New Haven - three-story colonial with views of the Quinnipiac river and only minutes to downtown New Haven living room opens to formal dining room with built-in China cabinet, eat in kitchen , wood floors , natural woodwork, family room with skylights and bay window overlooks deep yard with two car detached garage, finished walk up attic in Quinnipiac River national registry historic district and Yale home buyers program . 199,900. Jeff x210


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East Haven- Lakeview Estates colonial home with many new updates meticulously maintained home with contemporary flair beautiful kitchen with high ceilings and nice updates formal living room formal dining room family room on Main level laundry on main level with mud room three generous size bedrooms and three new baths new hardwood floors and newly done foyer 700 ft.² great room and 1100 sq ft finished lower level game not included in square footage. Home office/salon. 2 car garage. 389,000. Gena x203

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East Haven- Great starter home on corner lot with plenty of yard space home was converted to gas heat in 2007, Main roof was replaced and driveway installed in 2012, tankless water heater and thermopane windows. Is Cape Cod style home have six rooms two bedrooms and one full bath built in 1925. Price reduced! 118,000. Diana x 208

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New Haven- University Towers, beautifully renovated corner unit facing Yale, downtown and West rock, custom kitchen with granite and stainless, large living room with sliders to Deck, opens to formal dining room, Master bedroom with new master bath, loads of closet space, new cork floors and walls of glass in each room, walk to everything down town including the train station. 185,000. Jeff X 210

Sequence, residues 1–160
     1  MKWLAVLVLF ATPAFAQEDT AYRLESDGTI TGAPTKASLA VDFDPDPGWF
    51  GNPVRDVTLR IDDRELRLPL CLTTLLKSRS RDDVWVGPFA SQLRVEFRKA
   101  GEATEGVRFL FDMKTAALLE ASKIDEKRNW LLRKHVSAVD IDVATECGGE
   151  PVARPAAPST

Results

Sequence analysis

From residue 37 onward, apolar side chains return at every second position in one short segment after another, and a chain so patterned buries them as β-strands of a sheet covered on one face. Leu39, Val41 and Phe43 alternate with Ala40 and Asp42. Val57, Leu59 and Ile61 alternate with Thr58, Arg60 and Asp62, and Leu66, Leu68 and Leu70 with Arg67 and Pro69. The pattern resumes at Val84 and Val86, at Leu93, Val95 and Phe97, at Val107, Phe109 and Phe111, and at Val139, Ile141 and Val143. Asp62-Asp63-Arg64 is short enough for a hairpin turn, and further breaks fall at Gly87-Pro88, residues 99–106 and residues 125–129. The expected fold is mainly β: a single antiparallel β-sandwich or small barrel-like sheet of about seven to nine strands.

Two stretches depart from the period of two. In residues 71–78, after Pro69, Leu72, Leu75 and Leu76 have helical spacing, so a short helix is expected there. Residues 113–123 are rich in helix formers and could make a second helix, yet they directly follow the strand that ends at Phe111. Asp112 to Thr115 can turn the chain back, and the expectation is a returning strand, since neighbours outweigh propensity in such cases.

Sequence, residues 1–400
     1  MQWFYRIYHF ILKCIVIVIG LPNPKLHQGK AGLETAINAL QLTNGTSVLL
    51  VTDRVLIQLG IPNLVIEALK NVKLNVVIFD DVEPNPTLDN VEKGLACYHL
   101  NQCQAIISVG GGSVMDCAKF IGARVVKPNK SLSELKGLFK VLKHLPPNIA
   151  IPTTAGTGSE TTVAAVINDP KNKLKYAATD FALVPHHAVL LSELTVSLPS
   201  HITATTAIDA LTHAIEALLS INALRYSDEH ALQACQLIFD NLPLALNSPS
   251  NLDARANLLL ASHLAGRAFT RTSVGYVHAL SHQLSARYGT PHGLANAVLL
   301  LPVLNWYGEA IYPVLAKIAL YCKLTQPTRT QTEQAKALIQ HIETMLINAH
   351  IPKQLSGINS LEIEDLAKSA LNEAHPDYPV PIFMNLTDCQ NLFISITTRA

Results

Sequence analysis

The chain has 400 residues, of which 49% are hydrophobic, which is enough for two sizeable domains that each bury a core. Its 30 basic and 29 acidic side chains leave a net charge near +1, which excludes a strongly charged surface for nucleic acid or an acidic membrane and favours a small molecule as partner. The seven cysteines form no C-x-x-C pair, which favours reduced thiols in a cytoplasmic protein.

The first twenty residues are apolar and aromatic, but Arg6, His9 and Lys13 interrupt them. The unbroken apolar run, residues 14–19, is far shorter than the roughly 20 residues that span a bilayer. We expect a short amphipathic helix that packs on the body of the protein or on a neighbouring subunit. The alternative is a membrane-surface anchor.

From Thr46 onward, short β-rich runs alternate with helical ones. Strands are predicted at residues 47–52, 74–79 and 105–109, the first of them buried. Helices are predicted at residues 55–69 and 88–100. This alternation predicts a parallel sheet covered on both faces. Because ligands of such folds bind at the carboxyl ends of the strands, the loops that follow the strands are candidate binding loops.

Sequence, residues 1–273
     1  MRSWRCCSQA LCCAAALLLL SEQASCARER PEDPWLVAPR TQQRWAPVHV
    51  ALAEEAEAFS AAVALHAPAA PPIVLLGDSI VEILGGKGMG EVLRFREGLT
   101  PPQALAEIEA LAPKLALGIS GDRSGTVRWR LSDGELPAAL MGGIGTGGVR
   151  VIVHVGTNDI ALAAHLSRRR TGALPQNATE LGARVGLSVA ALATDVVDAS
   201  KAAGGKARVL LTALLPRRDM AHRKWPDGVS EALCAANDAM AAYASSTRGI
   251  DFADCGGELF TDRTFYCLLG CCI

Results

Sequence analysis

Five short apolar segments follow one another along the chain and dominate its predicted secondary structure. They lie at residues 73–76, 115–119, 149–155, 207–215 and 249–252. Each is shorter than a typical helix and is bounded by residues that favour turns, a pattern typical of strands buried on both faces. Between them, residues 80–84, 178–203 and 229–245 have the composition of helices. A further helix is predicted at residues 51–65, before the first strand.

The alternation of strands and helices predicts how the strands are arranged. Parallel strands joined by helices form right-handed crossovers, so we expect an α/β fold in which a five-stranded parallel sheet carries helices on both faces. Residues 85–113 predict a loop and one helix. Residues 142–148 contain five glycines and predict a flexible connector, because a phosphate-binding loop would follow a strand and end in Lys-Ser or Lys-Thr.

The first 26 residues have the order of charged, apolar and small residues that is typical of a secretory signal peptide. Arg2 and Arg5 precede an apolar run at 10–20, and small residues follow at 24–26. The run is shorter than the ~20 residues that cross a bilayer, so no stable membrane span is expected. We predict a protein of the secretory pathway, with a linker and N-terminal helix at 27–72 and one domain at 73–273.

Killingworth - Beautiful home filled with sunlight open floor plan has vaulted ceiling’s in many windows to create light and space this house both hardwood floors two fireplaces and crown molding for bedrooms make it easier to wrap up the days activities and accommodate everyone needs to full baths and 2+ acres provide even comfort to you Jarid allows for livestock pants and play areas there are new or Windows appliances a new hot water heater and furnace. 267,890. Neile x 212

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Banking Is A Numbers Game Or Is It? Banking On New Haven First in a Two Part Series On The Personal Side of Banking In Greater New Haven COMING NEXT: Local Banks and Community Service By Mitchell Young


rom Connecticut’s small businesses to its corporate titans, no business grows without a strong financial base. Whether our market is across the globe or around the corner, those that have the right financial partners have a leg up on the rest of us.